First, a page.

Trails of our Ancestors: When you ride on snow that many other cyclists have already ridden over. You can see the tracks of all the wheels that have come before you, giving you a sense of security knowing its a good route, as well as letting you know that you are not the only one braving the storm. Gives you sense of camaraderie even if no one else is around.
These are but a few of the many names that could be applied to biking snow. What are some you have thought of?
The first 3 people to leave good snow names + definitions in the comments will get cycling books sent to them free in the mail. (I will decided which ones are good)
If there are more than 3 good ones, I might go find some more cycling stuff and mail that out as prizes as well.
Tags: contest, names, snow
Posted in Commuting, fun | 4 Comments »
We have all had to yell at motorists, I can’t stop laughing at Bikeyface’s quest to get better at yelling.
So good. Read the rest here.
Tags: bikeyface, Comics, hillarious, yelling
Posted in Commuting, fun | No Comments »
From the email:
Free Pancake Breakfast
Friday, Jan. 31, 7:00am-9:00am
First pancake breakfast of 2014! Bikers, neighbors and friends are welcome to join us inside the shop for Jeffrey’s Famous Whole Wheat Pancakes, O.J. and chat about bikes and bike issues. Let us know if you need vegan or gluten-free options!
Bike Trainer Nights
Tuesdays from 7:00pm-9:00pm
Ride your road bike indoors at Ferris Wheels Bike Shop! This is a free event with trainer videos. Bring your own trainer or try one of our CycleOps trainers. Please RSVP as space is limited! Call the shop or sign up on our website.
Tags: Ferris Wheels, indoor riding, pancakes
Posted in fun | No Comments »
Tags: going fast, hustle, video
Posted in fun, video | No Comments »
This looks like a lot of fun, check it out!
It’s summertime in Antarctica and Boston Bike Party is enjoying it penguin style. So throw on that Hawaiian shirt, ray-bans, & grass skirt, and head waaaaaay down south with us. Come ride the Heatwave!
FIRST WAVE: Meet up with Boston Bikes at Government Center for hot chocolate!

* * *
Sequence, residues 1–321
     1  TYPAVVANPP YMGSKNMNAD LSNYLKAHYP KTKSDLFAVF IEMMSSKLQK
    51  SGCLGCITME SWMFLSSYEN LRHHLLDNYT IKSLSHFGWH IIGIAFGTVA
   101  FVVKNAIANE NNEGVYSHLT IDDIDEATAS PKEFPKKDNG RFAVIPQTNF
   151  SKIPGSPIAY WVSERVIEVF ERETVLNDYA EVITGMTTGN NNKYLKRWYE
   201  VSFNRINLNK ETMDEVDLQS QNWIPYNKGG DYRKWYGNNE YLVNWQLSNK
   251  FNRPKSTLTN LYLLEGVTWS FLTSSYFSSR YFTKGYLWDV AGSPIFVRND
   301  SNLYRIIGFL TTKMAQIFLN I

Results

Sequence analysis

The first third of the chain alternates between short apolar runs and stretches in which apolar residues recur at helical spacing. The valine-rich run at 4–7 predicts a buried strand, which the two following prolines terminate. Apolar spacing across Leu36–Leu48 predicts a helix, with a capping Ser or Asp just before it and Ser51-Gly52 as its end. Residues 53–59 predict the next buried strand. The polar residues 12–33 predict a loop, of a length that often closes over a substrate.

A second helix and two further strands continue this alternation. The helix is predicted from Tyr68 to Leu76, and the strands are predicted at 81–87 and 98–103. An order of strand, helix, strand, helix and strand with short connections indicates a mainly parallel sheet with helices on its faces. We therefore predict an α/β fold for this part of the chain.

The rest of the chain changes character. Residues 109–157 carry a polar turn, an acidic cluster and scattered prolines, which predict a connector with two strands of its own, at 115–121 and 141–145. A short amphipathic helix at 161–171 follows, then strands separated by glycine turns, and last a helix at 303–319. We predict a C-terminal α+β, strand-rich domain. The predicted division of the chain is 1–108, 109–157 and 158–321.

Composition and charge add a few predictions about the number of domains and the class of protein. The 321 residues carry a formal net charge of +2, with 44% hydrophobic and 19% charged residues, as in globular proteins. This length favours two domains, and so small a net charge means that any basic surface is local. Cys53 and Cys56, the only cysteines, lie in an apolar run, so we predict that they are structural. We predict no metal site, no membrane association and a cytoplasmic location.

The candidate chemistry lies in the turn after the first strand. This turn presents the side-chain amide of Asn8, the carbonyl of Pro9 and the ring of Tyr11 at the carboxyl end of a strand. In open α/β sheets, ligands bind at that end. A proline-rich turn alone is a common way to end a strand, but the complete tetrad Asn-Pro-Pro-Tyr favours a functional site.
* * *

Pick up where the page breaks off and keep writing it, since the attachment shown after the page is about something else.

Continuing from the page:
SECOND WAVE: Warm up your legs and ride out the heatwave with us on bikes!
THIRD WAVE: Epic after party (details to come)!
We roll out of City Hall Plaza at 8pm SHARP, so get there a bit early for cocoa!
Make Bike Party yours! Add music to the Spotify Collaborative Playlist:http://open.spotify.com/
Tags: Bike party, Boston Bikes, heat wave
Posted in fun | No Comments »
1000+ Bikes Distributed Through Roll It Forward!
We’re proud to say that in 2013 we distributed 1,081 bikes through our Roll it Forward program. We cannot say thank you enough to everyone who helped us reach this major accomplishment.
Donate to Roll it Forward
2013 was a huge year for the Roll it Forward program. Help us make 2014 even bigger – we are in dire need of more bikes! Donate a bike today and get a jersey/t-shirt/chocolate and be entered into a raffle for an L.L. Bean gift card! Or make a bigger impact and host a bike drive in your community or at your workplace. Contact[email protected] for more information!
The Boston Bike Party is bringing the heat!
It’s chilly out there, so the Boston Bike Party is going to help us all stay warm by bringing a Heat Wave!
The ride will leave at 8pm from City Hall Plaza. Come early if you want to chat with us or get free hot chocolate from our friends at Perfect Fuel Chocolate.
2013 Boston Bike Counts
Meet our new Program Managers, Kim & Najah
Kim Foltz has been biking in Boston since 1998 when she moved here from Olympia, WA. She quickly found a home among bike enthusiasts/advocates at Bikes Not Bombs, where she served as volunteer bike instructor then Board Chair, and eventually Interim Director. Kim took a break from organizing and advocacy to get a Masters in Urban Planning at MIT, where she focused on sustainability. In 2010 she returned to the trenches as Director of Community Building and Organizing at Neighborhood of Affordable Housing, Inc (NOAH), a community-based organization in East Boston. Among other projects at NOAH, Kim worked with youth to change bike policy on the Blue Line and engaged residents in the redesign of East Boston’s Central Square, a complete streets demonstration project.